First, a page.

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March 11, 2013

Movie Review: Experiment in Terror (1962, Blu-ray)

For a filmmaker whose name has been synonymous with classic comedies like The Pink Panther, Shot in The Dark, Breakfast at Tiffany's and The Party, Blake Edwards wasn't exactly someone you’d tag as a director for film in the thriller genre.  When you have talent like Edwards at the helm I’d like to think it would be possible but you never know. This made watching Twilight Time’s newly re-mastered Blu-ray release of Edwards’ 1962 film Experiment in Terror quite intriguing.

Kelly Sherwood (Lee Remmick, Anatomy of a Murder, The Omen) is in a bit if a bind – she’s being terrorized by a madman (Ross Martin, Wild Wild West) who wants her to steal 100,000 dollars from the bank which she works. If Kelly doesn’t listen to “Red”, her sister, Toby Sherwood (Stefanie Powers, Hart to Hart) will die.

After being told by her captor not to go to the police, she does just that and receives the help of FBI agent John Ripley (Glenn Ford, The Big Heat, and Blackboard Jungle). Red isn't stupid and catches on to the fact he’s got the authorities eyes on him. He continues to harass Sherwood and even Ripley via phone with his asthmatic voice.

Experiment in Terror has some horror elements – there’s a creepy scene with mannequins that stood out – but it’s primarily a first-rate film noir. Shadows are very effective when relevant to a scene and the cinematography by Philip H. Lathrop has an excellent variety. Whether it’s a secluded dark garage or flying over a stadium, Lathrop does a masterful job. Edwards regular and legend in his own right, Henry Mancini lends a wonderful score to the mix as well.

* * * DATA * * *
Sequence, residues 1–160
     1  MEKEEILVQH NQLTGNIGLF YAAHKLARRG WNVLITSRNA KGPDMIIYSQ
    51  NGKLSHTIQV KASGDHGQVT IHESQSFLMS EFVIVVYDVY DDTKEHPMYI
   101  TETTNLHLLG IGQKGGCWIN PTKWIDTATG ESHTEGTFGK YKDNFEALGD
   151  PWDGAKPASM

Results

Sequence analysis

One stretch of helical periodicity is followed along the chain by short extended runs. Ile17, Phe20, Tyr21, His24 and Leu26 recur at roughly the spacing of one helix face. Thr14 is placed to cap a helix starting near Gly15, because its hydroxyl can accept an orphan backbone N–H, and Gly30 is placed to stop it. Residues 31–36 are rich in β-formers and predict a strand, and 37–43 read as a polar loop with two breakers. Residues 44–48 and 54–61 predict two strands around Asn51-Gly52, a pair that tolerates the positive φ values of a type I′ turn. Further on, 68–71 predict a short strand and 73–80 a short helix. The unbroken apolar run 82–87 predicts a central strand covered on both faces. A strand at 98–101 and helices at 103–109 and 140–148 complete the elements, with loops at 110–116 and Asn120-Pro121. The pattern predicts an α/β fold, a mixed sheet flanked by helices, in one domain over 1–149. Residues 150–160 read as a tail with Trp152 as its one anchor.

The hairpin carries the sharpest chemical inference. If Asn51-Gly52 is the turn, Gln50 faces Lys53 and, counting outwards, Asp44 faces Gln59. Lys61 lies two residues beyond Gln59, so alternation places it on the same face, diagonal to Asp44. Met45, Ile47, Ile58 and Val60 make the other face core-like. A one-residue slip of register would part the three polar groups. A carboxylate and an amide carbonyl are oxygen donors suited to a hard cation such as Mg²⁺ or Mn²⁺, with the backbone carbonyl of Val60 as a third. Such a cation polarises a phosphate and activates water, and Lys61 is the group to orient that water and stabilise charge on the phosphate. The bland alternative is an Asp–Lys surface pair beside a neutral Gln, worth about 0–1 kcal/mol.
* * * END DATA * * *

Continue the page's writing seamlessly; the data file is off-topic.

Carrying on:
The performances are very good. The top players – Remmick, Powers and Ford are all solid, with Remmick as beautiful and classy as ever. The real stand-out is the amazing Ross Martin. Martin’s Peter Lorre-esque eyeballs and overall uneasy performance is top-notch and is alone worth a watch. His lecherous gaze is enough to make anyone squirm.

Twilight Time has done an excellent job in restoring Experiment in Terror for Blu-ray. The extras consist of some trailers and TV Spots and well-written liners by Julie Kirgo on the film. The trailers make Experiment in Terror look like a horror film and have a unique approach not used in many previews.

Experiment in Terror comes highly recommended for any admirers of film noir and Edwards. It may have been a departure from Edwards’s usual fare but it’s a winner all around.

Please head on over to Screen Archives where you can order this limited edition release.

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